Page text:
Don’t Bet The House
In most cities, school board members are elected by district and as a result, they approach decisions with a distinct political sensibility, resulting in most positions being taken for motivations that have to do with their individual constituencies than an overall systemic approach. It’s also why school board members are more focused on schools and programs in their districts than in the reform needed in the central office to empower teachers and principals to make more decisions at their levels.
One thing has not changed over the past century. The changes in the first half of the 20th century were motivated by the desire to “get politics out of schools” and that remains the primary motivation for mayoral takeover today.
There are still long odds facing a successful district takeover in Memphis, but surely, there’s no question that in light of ongoing scandals and the impending, dramatic increase in the number of schools failing to meet state standards, we need to be considering every option, including this one.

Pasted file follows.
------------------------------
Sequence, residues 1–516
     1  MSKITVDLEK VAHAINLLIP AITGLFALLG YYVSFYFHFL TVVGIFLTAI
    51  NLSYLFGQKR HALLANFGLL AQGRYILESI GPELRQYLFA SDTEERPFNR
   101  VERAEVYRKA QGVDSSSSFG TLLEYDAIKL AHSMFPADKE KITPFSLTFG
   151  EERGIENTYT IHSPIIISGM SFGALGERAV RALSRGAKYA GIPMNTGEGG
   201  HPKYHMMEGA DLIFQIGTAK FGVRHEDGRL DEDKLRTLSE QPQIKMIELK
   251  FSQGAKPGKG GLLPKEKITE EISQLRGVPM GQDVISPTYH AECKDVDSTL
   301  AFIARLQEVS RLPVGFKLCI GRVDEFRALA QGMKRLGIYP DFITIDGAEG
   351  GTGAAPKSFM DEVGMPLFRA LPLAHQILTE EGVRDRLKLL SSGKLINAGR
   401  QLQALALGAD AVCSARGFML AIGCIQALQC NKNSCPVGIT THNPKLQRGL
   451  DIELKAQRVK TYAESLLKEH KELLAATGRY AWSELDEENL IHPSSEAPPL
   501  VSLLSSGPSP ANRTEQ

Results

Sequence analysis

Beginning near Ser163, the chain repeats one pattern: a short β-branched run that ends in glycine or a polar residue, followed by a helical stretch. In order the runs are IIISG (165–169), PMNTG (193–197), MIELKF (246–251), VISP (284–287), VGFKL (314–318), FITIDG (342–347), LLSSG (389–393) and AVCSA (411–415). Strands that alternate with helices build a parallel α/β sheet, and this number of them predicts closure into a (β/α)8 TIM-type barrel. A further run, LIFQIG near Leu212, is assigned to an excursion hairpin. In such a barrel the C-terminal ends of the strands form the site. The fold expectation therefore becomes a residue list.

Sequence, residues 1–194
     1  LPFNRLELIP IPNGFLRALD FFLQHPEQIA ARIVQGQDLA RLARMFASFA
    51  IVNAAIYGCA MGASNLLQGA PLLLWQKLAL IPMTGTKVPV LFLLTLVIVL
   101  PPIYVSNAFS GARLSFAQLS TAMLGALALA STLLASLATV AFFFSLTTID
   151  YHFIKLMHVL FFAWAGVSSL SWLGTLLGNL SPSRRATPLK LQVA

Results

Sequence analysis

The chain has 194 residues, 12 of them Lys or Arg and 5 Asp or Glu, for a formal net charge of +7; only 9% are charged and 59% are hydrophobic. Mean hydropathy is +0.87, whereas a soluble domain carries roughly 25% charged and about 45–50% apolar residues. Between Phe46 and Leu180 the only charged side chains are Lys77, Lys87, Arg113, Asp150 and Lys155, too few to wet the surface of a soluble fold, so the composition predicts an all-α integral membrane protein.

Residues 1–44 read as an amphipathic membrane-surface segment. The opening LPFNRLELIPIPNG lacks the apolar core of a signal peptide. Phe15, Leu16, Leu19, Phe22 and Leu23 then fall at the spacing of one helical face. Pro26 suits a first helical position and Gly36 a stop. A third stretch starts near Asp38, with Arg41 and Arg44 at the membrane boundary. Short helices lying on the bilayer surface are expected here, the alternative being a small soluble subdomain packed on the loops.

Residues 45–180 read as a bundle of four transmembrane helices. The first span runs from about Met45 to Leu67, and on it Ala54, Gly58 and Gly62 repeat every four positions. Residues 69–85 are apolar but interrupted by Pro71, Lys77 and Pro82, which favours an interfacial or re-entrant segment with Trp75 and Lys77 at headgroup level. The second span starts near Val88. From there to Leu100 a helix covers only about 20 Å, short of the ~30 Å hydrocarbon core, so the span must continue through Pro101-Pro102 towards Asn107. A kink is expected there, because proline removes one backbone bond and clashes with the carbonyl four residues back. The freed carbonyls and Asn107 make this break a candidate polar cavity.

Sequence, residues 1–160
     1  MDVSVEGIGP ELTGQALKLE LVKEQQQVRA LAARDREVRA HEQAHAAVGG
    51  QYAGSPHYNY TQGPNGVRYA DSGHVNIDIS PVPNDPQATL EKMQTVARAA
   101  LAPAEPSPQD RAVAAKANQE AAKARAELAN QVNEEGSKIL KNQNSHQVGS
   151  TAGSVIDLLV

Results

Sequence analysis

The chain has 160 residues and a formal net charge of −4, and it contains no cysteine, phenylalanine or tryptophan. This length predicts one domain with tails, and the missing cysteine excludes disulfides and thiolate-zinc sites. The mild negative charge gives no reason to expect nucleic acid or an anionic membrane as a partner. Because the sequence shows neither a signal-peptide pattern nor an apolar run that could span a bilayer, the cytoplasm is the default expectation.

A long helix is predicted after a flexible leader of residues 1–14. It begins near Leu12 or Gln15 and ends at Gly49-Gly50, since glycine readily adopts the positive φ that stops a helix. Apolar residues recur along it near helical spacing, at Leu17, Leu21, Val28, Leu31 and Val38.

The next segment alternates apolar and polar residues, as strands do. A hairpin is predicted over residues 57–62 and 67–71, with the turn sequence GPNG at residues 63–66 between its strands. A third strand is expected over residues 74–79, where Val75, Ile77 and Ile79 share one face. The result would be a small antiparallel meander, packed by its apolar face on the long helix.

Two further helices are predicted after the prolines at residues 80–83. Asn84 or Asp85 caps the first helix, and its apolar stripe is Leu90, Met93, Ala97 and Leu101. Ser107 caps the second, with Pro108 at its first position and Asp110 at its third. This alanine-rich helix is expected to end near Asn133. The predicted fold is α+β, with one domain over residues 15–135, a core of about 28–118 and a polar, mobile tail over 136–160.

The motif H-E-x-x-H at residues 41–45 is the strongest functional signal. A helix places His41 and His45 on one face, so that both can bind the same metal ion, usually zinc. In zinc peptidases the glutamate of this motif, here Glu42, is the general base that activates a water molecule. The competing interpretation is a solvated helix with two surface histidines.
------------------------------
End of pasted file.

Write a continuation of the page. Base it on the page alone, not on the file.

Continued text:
** Footnote: If you’re not reading veteran reporter Bill Dries’ coverage of government in The Daily News, you’re missing some of the best reporting being done right now. Under the guidance of another proven veteran, David Yawn, associate publisher of the paper, it is often breaking news and giving the kind of deeper understanding of issues that is missing in more dominant media outlets.